The case for why the past 50 years have left a bad legacy for UK farming

Subsidies have harmed the agricultural sector making farmers lazy thinkers and too far removed from their customers, argues Matthew Naylor.

“I believe that the last 50 years have left a poor legacy for anyone starting out in farming today.  While farmers throughout the globe face a time of great opportunity, most of the UK farming industry is now too frail to rise to the challenge.  It’s like entering a three-legged race while shackled to your Great Aunt’s arthritic ankle.

You may consider that since I wasn’t in attendance in 1957 I am an unreliable witness.  But in the last decade we have seen the lowest prices for three generations combined with rock-bottom trust from consumers in our production methods.  What an inheritance for any young person who was courageous or naïve enough to ignore their careers advisor’s advice and enter farming. 

This will be why we have too few new entrants; the industry is mainly run and staffed by people beyond the recognised retirement age and their parents. 

There is a Chinese proverb which says that pain which doesn’t kill you makes you stronger.  These tough conditions have bred an ambitious breed of market-focused young farmers.  They are like this because of the industry’s challenges during the last decade and not despite them.  Young people have social and economic mobility and access to travel and education in a way that previous generations didn’t. While everyone agrees that these are good things, they have largely been built on a cheap food policy from successive governments.

Policies created in Europe in response to the Second World War helped the economy but eventually proved harmful to farmers.  It was necessary after the war to give support payments to raise productivity, improve efficiency and lower food prices but these payments should never have been in the form of production subsidies.  They drove a wedge between farmers and consumers. 

The guaranteed market turned an industry of entrepreneurs into lazy thinkers.  Direct support payments should have been withdrawn in the 1970s when farming was prospering and before we became an industry of subsidy junkies.  Farmers started to believe that the taxpayer was their customer rather than the person pushing the trolley. 

We became an industry fixated with lowering costs and gaining scale rather than raising quality and building brands.  We stood behind tractors and hid underneath cows leaving the supermarkets to get on with the serious and expensive job of marketing, building consumer confidence and investing in distribution networks.  Our neglect means that retailers ultimately hold control over our profitability (or lack of it).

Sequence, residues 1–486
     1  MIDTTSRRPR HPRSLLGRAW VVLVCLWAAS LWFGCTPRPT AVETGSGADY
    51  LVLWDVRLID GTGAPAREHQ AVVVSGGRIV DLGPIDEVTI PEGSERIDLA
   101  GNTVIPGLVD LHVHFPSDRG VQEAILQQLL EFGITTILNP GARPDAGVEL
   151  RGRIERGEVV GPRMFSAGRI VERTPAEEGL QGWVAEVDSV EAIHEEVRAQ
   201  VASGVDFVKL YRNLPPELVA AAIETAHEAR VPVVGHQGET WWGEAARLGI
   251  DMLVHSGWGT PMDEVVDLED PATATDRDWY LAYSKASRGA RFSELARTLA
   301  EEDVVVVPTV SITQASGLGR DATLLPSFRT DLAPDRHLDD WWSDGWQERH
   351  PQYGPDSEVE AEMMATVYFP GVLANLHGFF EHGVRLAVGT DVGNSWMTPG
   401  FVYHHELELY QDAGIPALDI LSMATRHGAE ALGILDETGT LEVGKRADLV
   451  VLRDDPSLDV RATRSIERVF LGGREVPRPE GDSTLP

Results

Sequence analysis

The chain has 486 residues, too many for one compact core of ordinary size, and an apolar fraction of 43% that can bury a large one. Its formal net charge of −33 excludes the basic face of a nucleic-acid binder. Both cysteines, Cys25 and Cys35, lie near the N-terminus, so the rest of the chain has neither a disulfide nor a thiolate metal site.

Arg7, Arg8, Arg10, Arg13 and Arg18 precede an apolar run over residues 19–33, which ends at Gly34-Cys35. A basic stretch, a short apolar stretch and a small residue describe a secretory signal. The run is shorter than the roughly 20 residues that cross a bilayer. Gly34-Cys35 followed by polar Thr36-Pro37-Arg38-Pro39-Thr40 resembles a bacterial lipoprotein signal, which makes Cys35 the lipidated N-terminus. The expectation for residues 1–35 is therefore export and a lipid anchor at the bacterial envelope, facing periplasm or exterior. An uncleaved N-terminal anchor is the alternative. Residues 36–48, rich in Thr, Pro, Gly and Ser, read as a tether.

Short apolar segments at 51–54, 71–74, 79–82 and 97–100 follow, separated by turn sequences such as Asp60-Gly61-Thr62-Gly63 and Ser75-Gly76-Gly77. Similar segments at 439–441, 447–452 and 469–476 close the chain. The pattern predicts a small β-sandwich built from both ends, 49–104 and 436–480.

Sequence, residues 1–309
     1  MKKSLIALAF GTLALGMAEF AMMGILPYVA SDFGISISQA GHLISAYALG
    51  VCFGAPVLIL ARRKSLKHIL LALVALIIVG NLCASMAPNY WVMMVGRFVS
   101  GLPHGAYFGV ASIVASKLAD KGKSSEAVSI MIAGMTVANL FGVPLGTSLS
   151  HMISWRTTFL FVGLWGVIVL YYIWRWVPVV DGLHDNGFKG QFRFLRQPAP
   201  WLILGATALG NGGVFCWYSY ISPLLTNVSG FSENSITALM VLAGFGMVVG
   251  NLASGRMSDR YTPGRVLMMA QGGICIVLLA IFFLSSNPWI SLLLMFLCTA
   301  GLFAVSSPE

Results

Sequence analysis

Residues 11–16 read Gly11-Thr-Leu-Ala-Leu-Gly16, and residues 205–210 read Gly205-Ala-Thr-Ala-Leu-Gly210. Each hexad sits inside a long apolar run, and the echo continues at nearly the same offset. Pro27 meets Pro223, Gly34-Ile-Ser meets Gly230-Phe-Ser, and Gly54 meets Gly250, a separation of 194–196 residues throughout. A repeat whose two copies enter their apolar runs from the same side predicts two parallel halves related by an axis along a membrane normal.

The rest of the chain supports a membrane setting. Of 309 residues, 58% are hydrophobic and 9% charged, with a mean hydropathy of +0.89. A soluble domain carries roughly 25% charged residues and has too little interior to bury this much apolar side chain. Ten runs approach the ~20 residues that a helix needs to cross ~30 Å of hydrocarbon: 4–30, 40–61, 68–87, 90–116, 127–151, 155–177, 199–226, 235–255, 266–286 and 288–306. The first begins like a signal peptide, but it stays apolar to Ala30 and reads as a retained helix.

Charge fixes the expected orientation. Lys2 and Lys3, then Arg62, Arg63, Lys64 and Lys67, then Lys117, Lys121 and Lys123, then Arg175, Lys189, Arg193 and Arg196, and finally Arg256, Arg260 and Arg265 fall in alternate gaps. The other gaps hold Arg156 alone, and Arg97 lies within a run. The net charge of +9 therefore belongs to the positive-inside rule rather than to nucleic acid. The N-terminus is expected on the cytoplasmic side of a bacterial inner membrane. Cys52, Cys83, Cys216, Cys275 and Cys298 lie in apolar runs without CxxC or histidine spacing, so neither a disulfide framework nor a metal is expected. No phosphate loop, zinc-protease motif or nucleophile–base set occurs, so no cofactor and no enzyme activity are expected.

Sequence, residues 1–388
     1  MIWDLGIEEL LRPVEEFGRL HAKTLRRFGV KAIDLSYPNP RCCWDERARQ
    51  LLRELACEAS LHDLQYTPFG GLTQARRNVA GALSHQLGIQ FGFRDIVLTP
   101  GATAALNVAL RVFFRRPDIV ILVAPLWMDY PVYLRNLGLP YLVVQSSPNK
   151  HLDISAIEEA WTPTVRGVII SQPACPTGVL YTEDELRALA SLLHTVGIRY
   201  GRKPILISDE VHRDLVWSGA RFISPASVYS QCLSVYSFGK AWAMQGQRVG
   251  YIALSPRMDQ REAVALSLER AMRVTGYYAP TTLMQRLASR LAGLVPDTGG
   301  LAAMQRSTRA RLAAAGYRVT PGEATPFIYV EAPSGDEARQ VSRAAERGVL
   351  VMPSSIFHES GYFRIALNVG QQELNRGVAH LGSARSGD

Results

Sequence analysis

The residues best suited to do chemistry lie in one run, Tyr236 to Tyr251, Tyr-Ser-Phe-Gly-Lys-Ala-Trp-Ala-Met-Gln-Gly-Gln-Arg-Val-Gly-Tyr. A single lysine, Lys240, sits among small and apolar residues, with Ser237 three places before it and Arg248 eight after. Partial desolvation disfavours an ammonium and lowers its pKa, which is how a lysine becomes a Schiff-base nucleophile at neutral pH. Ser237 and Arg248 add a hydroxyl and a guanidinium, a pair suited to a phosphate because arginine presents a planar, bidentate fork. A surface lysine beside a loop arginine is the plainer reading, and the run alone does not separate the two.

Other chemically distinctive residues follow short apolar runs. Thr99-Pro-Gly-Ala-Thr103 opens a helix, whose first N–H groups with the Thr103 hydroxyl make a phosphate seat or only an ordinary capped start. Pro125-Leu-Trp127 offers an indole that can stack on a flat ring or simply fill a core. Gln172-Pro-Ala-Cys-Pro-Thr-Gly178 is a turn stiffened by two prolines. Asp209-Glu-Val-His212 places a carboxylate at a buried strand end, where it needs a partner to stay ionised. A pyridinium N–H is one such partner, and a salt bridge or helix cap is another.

Subsidisation denied us the chance to learn skills to deal with tough trading conditions in a global market.  I believe that UK farmers could have competed in a free market without subsidy if we had not been constantly disadvantaged by the interference and incompetence of own government and its departments.  Why, instead of creating the Rural Payment Agency, did they not focus on their responsibilities to provide us with biosecurity and proper investment in research and development instead? 

Failure to invest in research means that much of the technology and mechanisation to grow good crops comes from abroad now.  So does much of the manual labour working on farms.  We are retaining very little of our gross turnover in our domestic economy. This is why our farmland and food processors are steadily being bought up by foreign companies.

Is the government addressing these matters now?  Are you kidding? We even have a tax system which makes it virtually impossible for a young person, however talented, to have a hope of owning farmland of their own. 

The focus on large scale, low volume commodity production and extensive methods has depopulated farms and reduced our contribution to the rural economy.  This lack of diversity means that we have failed to support machinery manufacturers, research institutes, agricultural colleges and small retailers. Now they are gone.

There is a tradition to hand on your farm in better condition than you receive it.  Most farmers can rightly claim that they have done this with their land.  I do not believe that the same has been done with our industry as a whole.”

* Matthew Naylor is an FW columnist who grows potatoes, cut flowers, vegetable and flowering bulbs in partnership with his father Nev in Lincolnshire. He is a Nuffield Scholar who will be speaking at the Oxford Farming Conference in 2008.

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